by Bradley K. Googins, Ph.D., Center Executive Director
I was intrigued to see that Human Resource Magazine's cover story for August was "Corporate Social Responsibility Pays Off." For years I've been frustrated by the disconnect and silos that exist between corporate citizenship functions and the human resource group. The magazine story suggests this is now being addressed.
I carry, of course, a huge bias, as I founded the Center for Work and Family at Boston University almost two decades ago and brought it with me when I moved to Boston College 12 years ago. To me, there are logical connections between employees and communities and the inside-outside foci they represent. But after running a few focus groups between citizenship and HR professionals, I grew frustrated at the rigid boundaries and absence of systems-thinking between the two areas. Ultimately, I tucked my tail between my legs and chose to focus on other areas within the company structure.
A decade later there it is on the cover of one of the leading HR journals. Every issue has its time.
Why is corporate citizenship coming onto the human resource agenda now? While this is a more complicated question than can be addressed in this column, there are a few key points worth noting. A good starting point might be to look at widely used strategies regarding the "war for talent."
The war for talent became one of the key tenets driving global competitiveness in the 1970s and '80s — especially as the new economy exploded at the end of the last century and bodies and minds were in short supply in industries from engineering to accounting.
At the very time that all sorts of incentives were being created to lure scarce employees into a given workplace, traditional bonds such as pensions, healthcare benefits and other supports were being weaned away from employees. In fact, organizational commitment was being shifted to the individual.
While the term "war for talent" is still in vogue, today it seems to have lost its luster in the midst of a changing psychological contract. In many ways today's business is caught between the strong rhetoric surrounding the new mandates of employees self directing their careers, and the reality of fishing in a talent pool where the best and brightest are in scarce supply and have greater choice of what workplace to choose.
My colleagues Brad Harrington and Doug T. Hall have just come out with a wonderful new book, Career Management and Work Life Integration, that brings great insight into this issue. Their concept of the protean career as the new contract poses as many challenges for the 21st century corporation vying for scarce talent as it does for the individual who no longer has much organizational commitment to bind him or her to the company.
As we move toward the next generation of employees, we seem to be caught between two contradictory trends and values: Lifetime employment has been replaced by employees as free agents, and business success is tied even more to intense competition for building a strong human asset base — in other words, attracting and maintaining the best and the brightest.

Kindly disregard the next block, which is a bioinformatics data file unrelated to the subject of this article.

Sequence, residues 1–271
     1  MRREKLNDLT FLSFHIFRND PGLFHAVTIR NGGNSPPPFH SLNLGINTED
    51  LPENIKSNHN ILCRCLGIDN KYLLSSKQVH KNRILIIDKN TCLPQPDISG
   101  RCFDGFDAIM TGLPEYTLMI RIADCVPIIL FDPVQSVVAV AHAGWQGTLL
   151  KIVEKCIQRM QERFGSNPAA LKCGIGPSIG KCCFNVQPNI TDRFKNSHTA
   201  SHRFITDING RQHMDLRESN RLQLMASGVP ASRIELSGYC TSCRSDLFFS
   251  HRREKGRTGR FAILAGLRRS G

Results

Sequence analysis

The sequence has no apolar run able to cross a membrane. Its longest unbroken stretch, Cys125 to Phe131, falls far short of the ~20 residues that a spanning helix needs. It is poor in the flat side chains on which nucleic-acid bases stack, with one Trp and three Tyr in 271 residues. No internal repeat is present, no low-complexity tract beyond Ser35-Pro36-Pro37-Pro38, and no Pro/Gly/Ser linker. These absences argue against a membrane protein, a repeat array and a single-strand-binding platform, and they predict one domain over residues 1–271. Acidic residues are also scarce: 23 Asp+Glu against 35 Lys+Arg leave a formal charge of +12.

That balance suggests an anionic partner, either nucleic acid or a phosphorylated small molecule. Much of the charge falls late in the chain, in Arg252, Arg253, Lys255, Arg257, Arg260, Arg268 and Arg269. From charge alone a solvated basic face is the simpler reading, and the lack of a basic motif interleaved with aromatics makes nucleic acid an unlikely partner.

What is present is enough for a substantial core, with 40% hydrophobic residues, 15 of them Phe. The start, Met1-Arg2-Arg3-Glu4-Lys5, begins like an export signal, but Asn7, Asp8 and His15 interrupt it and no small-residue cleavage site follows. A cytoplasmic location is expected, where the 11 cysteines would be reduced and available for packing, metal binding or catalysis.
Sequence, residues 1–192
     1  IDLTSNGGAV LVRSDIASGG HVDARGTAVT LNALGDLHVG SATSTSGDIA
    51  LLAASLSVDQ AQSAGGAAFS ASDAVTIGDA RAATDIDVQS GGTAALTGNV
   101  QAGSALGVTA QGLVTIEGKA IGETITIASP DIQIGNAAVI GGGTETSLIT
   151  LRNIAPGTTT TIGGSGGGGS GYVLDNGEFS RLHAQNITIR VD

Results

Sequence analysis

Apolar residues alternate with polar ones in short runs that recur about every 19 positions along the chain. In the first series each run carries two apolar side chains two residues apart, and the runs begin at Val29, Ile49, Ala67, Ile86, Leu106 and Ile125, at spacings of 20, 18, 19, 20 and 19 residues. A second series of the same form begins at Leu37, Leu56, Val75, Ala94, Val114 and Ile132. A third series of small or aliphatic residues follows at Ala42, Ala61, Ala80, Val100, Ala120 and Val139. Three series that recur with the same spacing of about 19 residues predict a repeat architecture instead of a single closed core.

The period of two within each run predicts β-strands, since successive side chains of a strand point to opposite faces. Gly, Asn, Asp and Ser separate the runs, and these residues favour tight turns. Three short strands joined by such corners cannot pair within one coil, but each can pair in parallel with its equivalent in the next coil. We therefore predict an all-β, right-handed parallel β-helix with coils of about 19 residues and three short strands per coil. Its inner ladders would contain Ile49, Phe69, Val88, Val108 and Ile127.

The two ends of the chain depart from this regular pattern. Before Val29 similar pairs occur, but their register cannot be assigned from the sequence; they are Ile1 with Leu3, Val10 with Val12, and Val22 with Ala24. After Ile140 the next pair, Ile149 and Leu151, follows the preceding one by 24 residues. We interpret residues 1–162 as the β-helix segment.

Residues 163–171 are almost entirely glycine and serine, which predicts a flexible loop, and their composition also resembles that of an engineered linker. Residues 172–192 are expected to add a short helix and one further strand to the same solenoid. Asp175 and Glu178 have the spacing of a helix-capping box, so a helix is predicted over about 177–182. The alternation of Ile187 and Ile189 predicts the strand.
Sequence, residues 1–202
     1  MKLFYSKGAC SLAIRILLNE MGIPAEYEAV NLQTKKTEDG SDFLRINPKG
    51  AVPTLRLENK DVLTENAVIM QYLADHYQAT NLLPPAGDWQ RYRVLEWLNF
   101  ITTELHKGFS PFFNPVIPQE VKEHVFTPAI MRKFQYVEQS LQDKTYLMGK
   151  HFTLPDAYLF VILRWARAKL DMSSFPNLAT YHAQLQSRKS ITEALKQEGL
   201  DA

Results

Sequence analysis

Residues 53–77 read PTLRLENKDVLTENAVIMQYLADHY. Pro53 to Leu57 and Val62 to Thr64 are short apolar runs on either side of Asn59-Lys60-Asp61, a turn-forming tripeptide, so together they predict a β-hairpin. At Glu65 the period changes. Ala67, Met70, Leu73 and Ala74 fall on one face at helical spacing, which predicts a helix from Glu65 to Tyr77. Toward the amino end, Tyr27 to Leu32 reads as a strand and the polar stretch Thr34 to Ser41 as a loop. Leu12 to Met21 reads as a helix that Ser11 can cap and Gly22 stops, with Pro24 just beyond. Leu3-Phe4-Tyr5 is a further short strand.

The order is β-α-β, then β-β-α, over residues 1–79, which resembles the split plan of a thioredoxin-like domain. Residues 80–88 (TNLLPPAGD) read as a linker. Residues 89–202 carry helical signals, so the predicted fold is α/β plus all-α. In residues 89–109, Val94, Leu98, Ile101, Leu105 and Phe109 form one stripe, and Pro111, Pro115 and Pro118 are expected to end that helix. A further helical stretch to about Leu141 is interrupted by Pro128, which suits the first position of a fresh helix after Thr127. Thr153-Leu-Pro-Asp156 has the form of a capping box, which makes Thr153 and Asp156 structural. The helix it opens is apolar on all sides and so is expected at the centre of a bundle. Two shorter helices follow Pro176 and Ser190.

Within this context, it is interesting to see how corporate citizenship is becoming a different and powerful new driver for winning the talent war.
Recruiters at some companies report that the company's citizenship and sustainability report is the most requested collateral on the recruiting trail. The millennial generation, by many reports, is looking for workplaces that will ensure continuity between their values and their careers.
This generation, socialized in community service and possessing a passionate commitment to cultural environments, expects a company to walk its talk. It also expects the company to provide opportunities for employees to act on their values — resulting in the emergence of employee engagement as a strategic issue.
Take one of the examples cited in the cover story of Human Resource Magazine: Capgemini, a consulting firm in the Netherlands, was faced with finding talent to fill 800 new IT positions — a huge challenge in a marketplace where competition is fierce. To position the company as socially responsible and build brand awareness, Capgremini designed a market research tool to survey IT and management consultants on recruitment and retention factors. As an incentive for filling out the survey it decided to fund a week of housing and schooling for poor children in India. This resulted in more than 2,000 of the 10,000 who filled out the survey submitting their resumes, and the 800 were interviewed and hired.
This indirect approach clearly served as a competitive differentiator in the human resource marketplace, and tapped into a growing employee base for whom corporate responsibility and company values matter.
I think this is just the cutting edge of a new wave in which employees will play a very energizing role in shaping corporate citizenship, and bring a much needed face and passion to a company's corporate citizenship strategy.
I expect some interesting developments as companies explore ways for human resources and corporate citizenship to collaborate and begin breaking down the silo-making organizational walls. Attracting and retaining employees, along with a more deliberate strategy of employee engagement, can only strengthen the citizenship of a company and its human resource strategy and result in more effective and vibrant workforces. But first those inside companies have to get to know one another and find new collaborations that move beyond rhetoric into creating strategic advantage.